I am very pleased to announce that I will be serving my MPH internship at my first choice institution: The Great Lakes Center for Children’s Environmental Health (PEHSU) at UIC’s School of Public Health. The Center is our region’s Pediatric Environmental Health Specialty Unit, supported by the EPA and the ATSDR. I will be conducting an educational outreach on children’s environmental health.
In advance of this work, I am piloting a survey about people’s perceptions of their children’s environmental health in their specific neighborhoods. I would be very grateful if people would give this survey a try. I am new both to Survey Monkey and to the discipline of Public Health; please save your energies for a more complete measure someday in the future! 🙂
Feel free, even if you do not have children but have an opinion about environmental health in your area, to answer on behalf of the children in your life, or in your neighborhood.
Top Ten Easy Ways to Avoid Childhood Cancer, Autism, ADHD, and Lower IQs from Environmental Chemicals
- Remove shoes before entering the home, and if exposed to chemicals at work, wash work clothes separately from family laundry.
- Filter home tap water and carry and store in stainless steel, glass, or BPA- and phthalate-free containers. Microwave food and beverages only in ceramic or glass.
- Reduce exposure to pesticides by choosing organic foods or washing thoroughly. Choose free-range meat raised without medications and avoid eating process, charred, or well-done meat.
- Make informed choices about purchases by consulting the Household Products Database (USDHHS 2016).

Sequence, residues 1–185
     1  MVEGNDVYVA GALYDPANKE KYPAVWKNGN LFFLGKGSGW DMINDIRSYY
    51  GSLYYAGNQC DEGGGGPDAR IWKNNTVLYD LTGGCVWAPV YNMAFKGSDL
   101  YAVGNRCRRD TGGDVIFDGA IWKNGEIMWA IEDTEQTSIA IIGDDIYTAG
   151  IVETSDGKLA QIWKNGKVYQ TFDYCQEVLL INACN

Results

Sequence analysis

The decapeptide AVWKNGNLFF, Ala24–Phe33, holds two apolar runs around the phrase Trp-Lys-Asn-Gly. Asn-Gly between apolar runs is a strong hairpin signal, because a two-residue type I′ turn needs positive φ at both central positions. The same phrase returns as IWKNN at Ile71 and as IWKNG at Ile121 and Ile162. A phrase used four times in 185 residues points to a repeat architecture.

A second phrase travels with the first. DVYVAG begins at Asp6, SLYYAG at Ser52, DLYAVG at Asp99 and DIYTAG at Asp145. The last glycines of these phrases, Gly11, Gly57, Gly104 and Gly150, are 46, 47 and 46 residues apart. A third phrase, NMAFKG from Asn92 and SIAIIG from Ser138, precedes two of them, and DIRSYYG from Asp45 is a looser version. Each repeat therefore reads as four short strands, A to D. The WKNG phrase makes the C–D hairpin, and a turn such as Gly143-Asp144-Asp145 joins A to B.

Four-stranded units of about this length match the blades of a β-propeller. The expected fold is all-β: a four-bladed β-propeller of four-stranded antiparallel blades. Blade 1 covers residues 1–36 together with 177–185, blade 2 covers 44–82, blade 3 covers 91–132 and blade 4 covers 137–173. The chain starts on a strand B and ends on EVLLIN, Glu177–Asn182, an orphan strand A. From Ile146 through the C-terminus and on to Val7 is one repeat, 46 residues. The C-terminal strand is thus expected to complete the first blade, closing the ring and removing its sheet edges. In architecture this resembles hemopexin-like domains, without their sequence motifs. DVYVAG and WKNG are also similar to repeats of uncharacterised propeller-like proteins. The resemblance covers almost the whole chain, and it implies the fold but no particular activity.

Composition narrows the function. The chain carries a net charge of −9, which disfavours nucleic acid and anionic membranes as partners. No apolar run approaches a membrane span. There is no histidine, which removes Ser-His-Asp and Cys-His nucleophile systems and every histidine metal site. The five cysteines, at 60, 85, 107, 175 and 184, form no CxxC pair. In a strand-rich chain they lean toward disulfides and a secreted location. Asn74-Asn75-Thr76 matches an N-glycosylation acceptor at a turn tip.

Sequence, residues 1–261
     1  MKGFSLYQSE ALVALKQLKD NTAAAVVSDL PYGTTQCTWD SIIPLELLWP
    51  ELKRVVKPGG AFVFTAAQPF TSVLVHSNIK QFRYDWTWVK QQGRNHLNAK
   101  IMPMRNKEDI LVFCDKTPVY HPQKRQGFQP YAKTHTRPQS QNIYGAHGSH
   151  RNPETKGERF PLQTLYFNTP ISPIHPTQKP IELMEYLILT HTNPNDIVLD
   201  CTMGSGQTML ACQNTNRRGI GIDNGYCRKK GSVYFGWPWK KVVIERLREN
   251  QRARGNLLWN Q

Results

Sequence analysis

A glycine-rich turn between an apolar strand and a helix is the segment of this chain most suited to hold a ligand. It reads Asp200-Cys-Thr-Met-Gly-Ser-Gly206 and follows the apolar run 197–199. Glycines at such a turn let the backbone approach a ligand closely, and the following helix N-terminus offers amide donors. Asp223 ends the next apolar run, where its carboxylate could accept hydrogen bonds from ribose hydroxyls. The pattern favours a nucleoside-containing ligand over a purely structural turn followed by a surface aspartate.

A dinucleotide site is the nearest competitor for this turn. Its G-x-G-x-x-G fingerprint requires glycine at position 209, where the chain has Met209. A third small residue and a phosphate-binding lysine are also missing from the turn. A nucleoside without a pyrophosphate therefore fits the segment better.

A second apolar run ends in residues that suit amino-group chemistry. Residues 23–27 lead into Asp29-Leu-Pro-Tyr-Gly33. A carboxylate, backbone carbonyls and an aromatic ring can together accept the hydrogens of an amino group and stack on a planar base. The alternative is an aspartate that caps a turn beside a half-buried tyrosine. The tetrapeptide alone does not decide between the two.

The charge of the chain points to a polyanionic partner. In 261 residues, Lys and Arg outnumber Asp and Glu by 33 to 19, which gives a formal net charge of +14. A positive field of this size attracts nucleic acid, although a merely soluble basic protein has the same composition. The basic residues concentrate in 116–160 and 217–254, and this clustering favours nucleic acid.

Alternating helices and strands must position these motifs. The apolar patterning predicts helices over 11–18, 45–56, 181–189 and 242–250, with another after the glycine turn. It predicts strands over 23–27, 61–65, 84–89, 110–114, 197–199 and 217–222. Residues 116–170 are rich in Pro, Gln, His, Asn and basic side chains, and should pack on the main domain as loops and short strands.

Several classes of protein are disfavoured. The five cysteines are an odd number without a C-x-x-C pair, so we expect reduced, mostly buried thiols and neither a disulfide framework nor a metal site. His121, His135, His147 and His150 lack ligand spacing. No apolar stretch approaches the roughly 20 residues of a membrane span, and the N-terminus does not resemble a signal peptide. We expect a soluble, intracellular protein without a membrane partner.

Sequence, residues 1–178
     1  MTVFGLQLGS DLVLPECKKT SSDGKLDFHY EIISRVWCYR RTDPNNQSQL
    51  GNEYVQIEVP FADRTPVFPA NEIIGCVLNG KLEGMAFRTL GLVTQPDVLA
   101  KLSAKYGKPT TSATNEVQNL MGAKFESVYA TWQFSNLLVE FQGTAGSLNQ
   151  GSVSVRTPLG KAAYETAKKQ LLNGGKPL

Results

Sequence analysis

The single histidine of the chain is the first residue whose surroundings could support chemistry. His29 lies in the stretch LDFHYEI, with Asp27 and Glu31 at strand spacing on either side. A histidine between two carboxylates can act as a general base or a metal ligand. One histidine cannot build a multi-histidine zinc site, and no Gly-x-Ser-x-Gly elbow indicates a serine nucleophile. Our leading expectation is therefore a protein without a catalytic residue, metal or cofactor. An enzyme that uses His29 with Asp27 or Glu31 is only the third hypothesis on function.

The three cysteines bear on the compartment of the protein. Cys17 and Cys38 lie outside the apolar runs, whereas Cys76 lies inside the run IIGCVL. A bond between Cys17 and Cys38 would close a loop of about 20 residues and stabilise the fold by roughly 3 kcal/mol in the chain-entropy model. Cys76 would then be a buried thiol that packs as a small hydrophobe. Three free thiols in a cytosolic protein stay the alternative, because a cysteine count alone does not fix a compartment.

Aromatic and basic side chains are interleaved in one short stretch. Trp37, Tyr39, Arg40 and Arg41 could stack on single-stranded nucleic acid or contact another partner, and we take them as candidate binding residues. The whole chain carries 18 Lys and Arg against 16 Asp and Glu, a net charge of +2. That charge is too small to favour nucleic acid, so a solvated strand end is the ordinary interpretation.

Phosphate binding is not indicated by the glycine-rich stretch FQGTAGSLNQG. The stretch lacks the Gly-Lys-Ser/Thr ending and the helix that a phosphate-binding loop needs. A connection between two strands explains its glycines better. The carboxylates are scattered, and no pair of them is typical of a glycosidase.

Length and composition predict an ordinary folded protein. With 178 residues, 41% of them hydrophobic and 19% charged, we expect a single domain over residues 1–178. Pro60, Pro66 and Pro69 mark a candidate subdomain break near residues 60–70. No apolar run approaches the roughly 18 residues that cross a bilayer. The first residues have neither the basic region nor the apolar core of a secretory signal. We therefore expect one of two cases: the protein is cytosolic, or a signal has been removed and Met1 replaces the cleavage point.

- Choose non-toxic and environmentally safe chemicals, eliminate landscape pesticide and fertilizer use, and dispose of toxic chemicals safely.
- Cut down on fossil-fuels consumption by turning off lights, driving a fuel-efficient car, and walking and biking when possible.
- Avoid second-hand tobacco smoke.
- Limit electromagnetic energy when using cell phones, check radon levels, and weigh risks of medical radiation against diagnostic benefits.
- Wear protective covering and sunscreen to limit ultraviolet radiation.
- “Each person can become an active voice in his or her community. To a greater extent than many realize, individuals have the power to affect public policy by letting policymakers know that they strongly support environmental cancer research and measures that will reduce or remove from the environment toxics that are known or suspected carcinogens or endocrine-disrupting chemicals. Individuals also can influence industry by selecting non-toxic products and where these do not exist, communicating with manufacturers and trade organizations about their desire for safer products” (PCP 2010, p. xx).
These tips are adapted from the President’s Cancer Panel‘s recommendations for what individuals can do to reduce their cancer risk from environmental causes. That’s President Bush, BTW, just so you know.
President’s Cancer Panel (PCP). (2010). Reducing environmental cancer risk: What we can do now. Retrieved from http://deainfo.nci.nih.gov/advisory/pcp/annualReports/pcp08-09rpt/PCP_Report_08-09_508.pdf